MP is a mycoplasma, in size between that of a virus and a bacterium. It is enclosed in only a membrane, with no cell wall. Some antibiotics, which only block the synthesis of a cell wall, such as β-lactams, therefore have no therapeutic efficacy in the treatment of MP infection. For this reason successive treatments of erythromycin or azithromycin, which interfere with protein synthesis, are the most effective (13). The therapeutic course of macrolide antibiotics in pediatrics is generally less than 2 to 3 weeks, and the treatment course lasts 3 to 4 weeks to prevent relapse due to premature withdrawal (11).

Until recently, infection and immunological injury were considered the main factors responsible for the development of MP infections. The adhesion protein in the cell membrane of MP enables adhesion to respiratory epithelial cells of the host, and prevents mucociliary clearance (18). At the same time, the mycoplasma releases metabolic products including ammonia, hydrogen peroxide and nerve toxins, among others. This results in the destruction of the mucosal epithelium (14). The pathogenesis of Mycoplasma pneumoniae infection is considered to be in part attributed to excessive immune responses. (16). In recent years, studies have shown that the antigen of the mycoplasma has a similar composition to that of the host cell membrane, which stimulates B cells to produce autoantibodies and leads to a pathological immune response. The antigen components also promote lymphocytes, monocytes, macrophages and other inflammatory cell aggregation, and releases cytokines and inflammatory mediators. At the same time, after activating the complement system, immune complexes produce neutrophil chemotactic factors, which attract a large number of white blood cells to reduce invasive lesions, and then release lysosomal enzymes causing destructive lesions (15).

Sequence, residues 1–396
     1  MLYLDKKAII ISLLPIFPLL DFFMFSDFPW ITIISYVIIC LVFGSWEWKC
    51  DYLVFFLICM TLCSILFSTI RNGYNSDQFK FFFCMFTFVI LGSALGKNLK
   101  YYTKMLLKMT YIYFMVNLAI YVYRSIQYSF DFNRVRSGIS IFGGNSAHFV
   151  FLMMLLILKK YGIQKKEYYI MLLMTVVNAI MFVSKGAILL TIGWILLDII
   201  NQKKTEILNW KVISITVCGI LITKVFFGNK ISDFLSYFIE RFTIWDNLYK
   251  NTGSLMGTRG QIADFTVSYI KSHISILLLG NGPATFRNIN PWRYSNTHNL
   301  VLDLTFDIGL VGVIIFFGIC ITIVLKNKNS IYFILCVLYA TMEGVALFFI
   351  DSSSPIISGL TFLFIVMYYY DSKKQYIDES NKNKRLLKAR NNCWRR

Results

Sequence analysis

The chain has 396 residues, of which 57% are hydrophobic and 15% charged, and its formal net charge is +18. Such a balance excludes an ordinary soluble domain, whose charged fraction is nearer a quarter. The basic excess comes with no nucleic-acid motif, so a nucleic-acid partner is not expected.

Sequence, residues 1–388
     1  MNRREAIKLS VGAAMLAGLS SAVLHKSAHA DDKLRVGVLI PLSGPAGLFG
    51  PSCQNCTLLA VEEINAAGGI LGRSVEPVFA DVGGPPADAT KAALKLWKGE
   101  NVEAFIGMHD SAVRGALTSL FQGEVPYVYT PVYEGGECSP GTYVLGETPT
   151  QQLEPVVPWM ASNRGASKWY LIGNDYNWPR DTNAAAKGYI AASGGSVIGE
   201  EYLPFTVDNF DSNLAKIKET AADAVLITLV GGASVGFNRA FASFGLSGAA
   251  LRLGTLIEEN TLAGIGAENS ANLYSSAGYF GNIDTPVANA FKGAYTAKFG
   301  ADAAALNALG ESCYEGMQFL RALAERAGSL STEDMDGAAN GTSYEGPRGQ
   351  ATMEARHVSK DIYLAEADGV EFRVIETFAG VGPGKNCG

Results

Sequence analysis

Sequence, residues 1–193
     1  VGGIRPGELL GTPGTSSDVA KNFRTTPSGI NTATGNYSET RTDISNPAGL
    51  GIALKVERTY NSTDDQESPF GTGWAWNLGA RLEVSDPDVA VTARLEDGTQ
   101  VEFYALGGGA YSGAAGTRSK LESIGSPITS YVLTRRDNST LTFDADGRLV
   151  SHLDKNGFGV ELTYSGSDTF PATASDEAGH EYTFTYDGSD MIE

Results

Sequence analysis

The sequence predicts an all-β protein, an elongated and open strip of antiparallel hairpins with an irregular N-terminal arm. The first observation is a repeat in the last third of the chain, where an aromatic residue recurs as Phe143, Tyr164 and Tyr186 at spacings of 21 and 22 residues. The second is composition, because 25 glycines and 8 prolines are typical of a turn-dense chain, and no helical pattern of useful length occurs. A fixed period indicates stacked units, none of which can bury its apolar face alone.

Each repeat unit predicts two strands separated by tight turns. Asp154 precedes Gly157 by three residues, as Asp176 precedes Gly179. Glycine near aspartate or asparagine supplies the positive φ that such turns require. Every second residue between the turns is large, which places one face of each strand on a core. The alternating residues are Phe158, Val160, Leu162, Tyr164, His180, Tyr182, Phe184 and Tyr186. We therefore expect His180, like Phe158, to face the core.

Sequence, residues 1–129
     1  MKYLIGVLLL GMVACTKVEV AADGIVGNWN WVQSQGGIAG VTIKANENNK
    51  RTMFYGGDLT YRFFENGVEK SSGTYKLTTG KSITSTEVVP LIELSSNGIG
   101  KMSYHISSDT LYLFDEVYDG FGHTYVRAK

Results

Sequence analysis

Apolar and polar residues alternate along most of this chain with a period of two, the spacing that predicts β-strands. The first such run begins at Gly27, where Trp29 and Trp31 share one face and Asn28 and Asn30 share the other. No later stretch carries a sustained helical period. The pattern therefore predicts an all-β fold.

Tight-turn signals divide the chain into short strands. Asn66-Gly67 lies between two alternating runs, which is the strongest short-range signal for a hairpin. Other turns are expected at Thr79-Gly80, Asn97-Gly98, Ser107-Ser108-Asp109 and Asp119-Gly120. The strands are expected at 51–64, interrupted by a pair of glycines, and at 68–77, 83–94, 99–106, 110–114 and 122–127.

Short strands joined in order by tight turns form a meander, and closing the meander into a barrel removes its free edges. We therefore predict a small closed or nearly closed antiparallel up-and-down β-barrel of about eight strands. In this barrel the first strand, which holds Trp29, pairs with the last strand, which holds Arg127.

As reported in the literature (18), the MP infection rate of organs other than lung occur in the range of 25% to 50%, among which the most common involvement is the blood (50%), followed by skin (25%), gastrointestinal tract (25%), bone, joint and muscle (14%), the central nervous system (1%-6.7%), and the cardiovascular system (1%-8.5%). In this case, we found lesions in the kidney in addition to those in the blood, cardiovascular system and liver. MP infection leads to concomitant pulmonary complications and is associated with SIRS, which, in turn, leads to MODS or even multiple organ failure (5). The process from SIRS to MODS is a continuous progression. SIRS can aggravate to MODS if untreated (1). In this case, a similar process occurred after MP infection, although there were no serious concomitant pulmonary complications. SIRS is an immune-related disease and a leading cause of morbidity and mortality. It is a clinical syndrome with signs and symptoms related to infectious and non-infectious events in which the immune system over-responds to inflammation. In theory, glucocorticosteroids may be indicated for MP pneumonia when there is rapid development to an acute stage, or lung disease and other complications. Lee et al. (7) reported a successful therapy for 15 cases of severe MP pneumonia patients for whom antibiotic treatment had failed, when prednisone was administrated. 

In conclusion, we report a case with MODS caused by MP infection. The possibility of an associated infection with MP should be considered in children presenting with MODS. For the MP patient with rapid and serious infection at an acute stage, the administration of azithromycin antibiotics, together with additional glucocorticosteroid treatment and supportive procedures as necessary will result in a higher recovery rate.

 

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Submitted: August 13, 2010; Approved: August 30, 2011.

 

 

*Corresponding Author. Mailing address: Department of Pediatrics, First Hospital of Jilin University, Changchun 130021, Jilin, P. R. China.; Tel.: 86-431-88782560 Fax: 86-431-85654528.; E-mail: siruiyang@163.com